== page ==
Week 28. Evolution

Lake Bosumtwi is where the souls of the dead go to say goodbye to the god Asasa Ya. To ensure not offending or getting in the way, you can only fish from a wood plank. Or, the lake formed after a meteor impact hit earth one million years ago.

Streams flow in, but don’t flow out.  Meaning, fish flow in, but don’t flow out. Over time that isolation has led to evolution of endemic species of cichlid fish.  I spent two months at the lake drilling for mud, touching down on the shock features from the impact.  The locals didn’t believe we were just interested in mud and fish, they believed the sparkle beneath the water was diamonds and gold. I respected and understood Ghanians having a different frame of reference than I did.

It took longer for me to realize that other educated Americans had a different frame of reference than me.  I grew up on the East Coast and I knew about all sorts of things from the past – hunting, god, meat eating, and creationism.  It wasn’t until my mid twenties I learned these were not historic.

What this now makes me feel is isolated, like I was an endemic species of New England.

Medium: Micron red and black ink, colored pencil, Pilot silver marker.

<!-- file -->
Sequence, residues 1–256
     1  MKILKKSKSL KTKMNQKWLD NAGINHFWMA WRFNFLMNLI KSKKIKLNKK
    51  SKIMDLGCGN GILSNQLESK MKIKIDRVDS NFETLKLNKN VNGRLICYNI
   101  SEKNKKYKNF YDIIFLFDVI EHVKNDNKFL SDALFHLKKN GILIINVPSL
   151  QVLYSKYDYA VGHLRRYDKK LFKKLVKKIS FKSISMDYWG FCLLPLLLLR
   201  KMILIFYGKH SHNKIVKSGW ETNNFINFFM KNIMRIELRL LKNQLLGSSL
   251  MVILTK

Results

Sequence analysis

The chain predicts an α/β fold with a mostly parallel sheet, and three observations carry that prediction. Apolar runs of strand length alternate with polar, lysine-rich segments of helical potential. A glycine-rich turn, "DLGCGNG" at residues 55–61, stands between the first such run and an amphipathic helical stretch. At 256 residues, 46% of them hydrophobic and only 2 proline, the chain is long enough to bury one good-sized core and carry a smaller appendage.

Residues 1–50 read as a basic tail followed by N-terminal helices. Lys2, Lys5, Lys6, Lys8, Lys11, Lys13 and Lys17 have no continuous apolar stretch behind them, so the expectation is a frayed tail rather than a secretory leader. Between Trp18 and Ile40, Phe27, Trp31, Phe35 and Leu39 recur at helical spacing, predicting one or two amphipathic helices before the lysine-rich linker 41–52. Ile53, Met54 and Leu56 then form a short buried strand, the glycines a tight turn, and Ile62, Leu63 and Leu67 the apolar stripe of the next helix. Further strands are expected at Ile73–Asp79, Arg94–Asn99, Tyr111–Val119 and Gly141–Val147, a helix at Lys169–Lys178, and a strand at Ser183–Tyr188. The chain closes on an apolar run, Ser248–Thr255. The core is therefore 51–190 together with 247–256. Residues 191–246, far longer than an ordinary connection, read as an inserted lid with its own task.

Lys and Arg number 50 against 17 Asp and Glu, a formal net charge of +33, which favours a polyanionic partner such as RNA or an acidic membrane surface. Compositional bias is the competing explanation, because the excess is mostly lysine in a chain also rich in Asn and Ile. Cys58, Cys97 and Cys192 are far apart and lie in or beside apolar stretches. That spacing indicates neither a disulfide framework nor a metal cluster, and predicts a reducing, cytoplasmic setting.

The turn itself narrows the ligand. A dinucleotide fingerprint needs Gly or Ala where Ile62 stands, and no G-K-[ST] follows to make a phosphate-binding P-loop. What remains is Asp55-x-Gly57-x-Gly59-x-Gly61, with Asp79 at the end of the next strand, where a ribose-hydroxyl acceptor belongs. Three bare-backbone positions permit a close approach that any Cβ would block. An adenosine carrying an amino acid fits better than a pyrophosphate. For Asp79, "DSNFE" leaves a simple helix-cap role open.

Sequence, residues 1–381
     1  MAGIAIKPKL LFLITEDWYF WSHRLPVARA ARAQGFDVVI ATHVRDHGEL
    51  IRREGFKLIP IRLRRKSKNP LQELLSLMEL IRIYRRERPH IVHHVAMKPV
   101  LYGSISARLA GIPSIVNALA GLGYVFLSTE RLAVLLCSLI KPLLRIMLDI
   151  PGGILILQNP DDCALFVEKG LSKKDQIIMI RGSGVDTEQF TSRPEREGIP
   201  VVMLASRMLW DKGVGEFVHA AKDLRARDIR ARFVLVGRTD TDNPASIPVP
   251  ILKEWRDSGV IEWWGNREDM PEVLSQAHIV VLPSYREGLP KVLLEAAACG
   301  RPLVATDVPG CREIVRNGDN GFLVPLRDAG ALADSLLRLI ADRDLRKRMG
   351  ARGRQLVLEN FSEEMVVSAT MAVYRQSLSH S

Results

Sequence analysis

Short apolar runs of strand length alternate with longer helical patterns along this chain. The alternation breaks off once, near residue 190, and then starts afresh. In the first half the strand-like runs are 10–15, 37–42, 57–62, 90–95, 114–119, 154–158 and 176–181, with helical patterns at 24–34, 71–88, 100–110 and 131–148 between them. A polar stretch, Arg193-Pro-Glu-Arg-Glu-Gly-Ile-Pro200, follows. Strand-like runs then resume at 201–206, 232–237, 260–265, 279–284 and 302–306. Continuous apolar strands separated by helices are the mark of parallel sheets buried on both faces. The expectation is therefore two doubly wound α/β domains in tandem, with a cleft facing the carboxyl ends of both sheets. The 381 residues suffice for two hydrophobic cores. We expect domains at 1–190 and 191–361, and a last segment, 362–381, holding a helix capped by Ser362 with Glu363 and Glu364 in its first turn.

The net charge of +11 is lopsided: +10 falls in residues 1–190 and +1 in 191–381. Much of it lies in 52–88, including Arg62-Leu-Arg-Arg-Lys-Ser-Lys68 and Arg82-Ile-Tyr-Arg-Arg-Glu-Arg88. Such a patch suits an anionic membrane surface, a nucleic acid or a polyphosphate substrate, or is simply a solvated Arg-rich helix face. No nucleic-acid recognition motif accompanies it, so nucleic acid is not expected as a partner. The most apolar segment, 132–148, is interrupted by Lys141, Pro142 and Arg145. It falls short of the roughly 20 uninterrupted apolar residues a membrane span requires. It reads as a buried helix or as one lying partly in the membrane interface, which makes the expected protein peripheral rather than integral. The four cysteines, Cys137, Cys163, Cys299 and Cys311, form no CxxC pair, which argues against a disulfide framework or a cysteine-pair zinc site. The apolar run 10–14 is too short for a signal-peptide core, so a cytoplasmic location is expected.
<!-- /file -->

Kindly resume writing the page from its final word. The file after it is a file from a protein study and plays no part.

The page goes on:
I’ve been trying to trace my fear of ants. Me, who will happily chase a spider or a millipede to get a closer look and make friends.

I look at pictures, learn about ants’ lives and fears. When we say “pest” or “infestation,” we mean a life lived under hostility.

I’m confronted with the fact that, so often, I only add suffering, that I value calming my fear or shame more than the billions of years (well, like 4 and a half) of agony that led to life.

I look at what I love: bacteria. Blochmannia, Wolbachia, residing in the ants’ ovaries. Are they parasites or inextricable helpers, or both, or always changing? They merged – bacteria to ovarian cells – 30 to 40 million years ago. The Trichogamma wasp can reproduce without a male…but with the help of Wolbachia!

Some say that cancer – mutation of our cells, that on-and-on inside of us, lives and bodies composed of mistakes – is our destiny. Some say that if it were prevented, a worse cause of death would take its place.

My grandma died last year of ovarian cancer. It was one of the worst things I’ve seen. When she died, I had the sense that she was both irrevocably gone and right here, and somehow flung, which wasn’t awful at all.

Bonds forged through circumstance. Relationships that oscillate between harmful and beneficial so you never know. We keep sucking down the O2 that breaks us down because we evolved together.

In the gaster of the thing I fear most, I fell in love, confirming my suspicion that everything scary has a beautiful surprise at the tail end.

Medium: ink and watercolor (the image is of ant ovaries)

 

 

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